South Platte River
More spills are emerging from a Colorado oil patch ravaged by flooding as soggy conditions continue to hamper attempts to inspect the damage.
Vice President Joe Biden is promising residents that aid for areas devastated by massive flooding in Colorado won’t stop even if the federal government shuts down.
Record flooding continues in western and central Nebraska as the water that inundated Colorado flows east, but it appeared to cause few major problems because communities were able to prepare.
Coloradans watched for more spills in flooded oilfields as crews waited for the waters to recede so they could begin cleanup operations.
State officials urged residents on Friday to avoid the contaminated floodwater pouring into western Nebraska from Colorado, while offering assurances that the flood posed no immediate threat to cities, railroad lines or Interstate 80.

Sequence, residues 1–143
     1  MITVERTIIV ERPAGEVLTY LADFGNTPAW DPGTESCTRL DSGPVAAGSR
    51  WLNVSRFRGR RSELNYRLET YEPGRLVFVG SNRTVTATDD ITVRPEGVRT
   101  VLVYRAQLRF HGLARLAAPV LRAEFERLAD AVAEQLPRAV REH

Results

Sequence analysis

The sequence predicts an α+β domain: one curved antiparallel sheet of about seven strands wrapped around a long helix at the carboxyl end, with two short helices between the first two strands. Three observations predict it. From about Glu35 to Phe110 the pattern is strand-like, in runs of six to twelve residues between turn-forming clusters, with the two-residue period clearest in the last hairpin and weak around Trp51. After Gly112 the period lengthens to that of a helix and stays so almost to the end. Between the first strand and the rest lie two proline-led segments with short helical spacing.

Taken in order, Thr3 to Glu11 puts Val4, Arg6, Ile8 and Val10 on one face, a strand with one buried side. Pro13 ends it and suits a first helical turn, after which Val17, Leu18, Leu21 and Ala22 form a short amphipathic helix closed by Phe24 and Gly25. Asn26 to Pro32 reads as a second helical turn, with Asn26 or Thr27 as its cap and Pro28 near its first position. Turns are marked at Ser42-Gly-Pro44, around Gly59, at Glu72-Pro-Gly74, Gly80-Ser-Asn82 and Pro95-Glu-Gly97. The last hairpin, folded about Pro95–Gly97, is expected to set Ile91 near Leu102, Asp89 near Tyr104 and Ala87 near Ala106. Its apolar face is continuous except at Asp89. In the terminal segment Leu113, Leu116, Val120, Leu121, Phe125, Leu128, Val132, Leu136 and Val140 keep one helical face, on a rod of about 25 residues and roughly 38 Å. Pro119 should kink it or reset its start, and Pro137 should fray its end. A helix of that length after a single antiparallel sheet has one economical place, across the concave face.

More spills were revealed Friday in a Colorado oilfield swamped by floodwaters as cleanup efforts remained stalled due to high waters and regulators cautioned that more oil releases were likely to be found in coming days.
Colorado’s flooding shut down hundreds of natural gas and oil wells in the state’s main petroleum-producing region and triggered at least two spills, temporarily suspending a multibillion-dollar drilling frenzy and sending inspectors into the field to gauge the extent of pollution.
Colorado’s flooding has shut down hundreds of natural gas and oil wells in the state’s top petroleum patch and triggered at least two significant spills.
The state climatologist’s office explained how the 1965 flood compares with the 2013 flooding.
Damage from flooding in far northeastern Colorado has been limited so far but more water is still coming.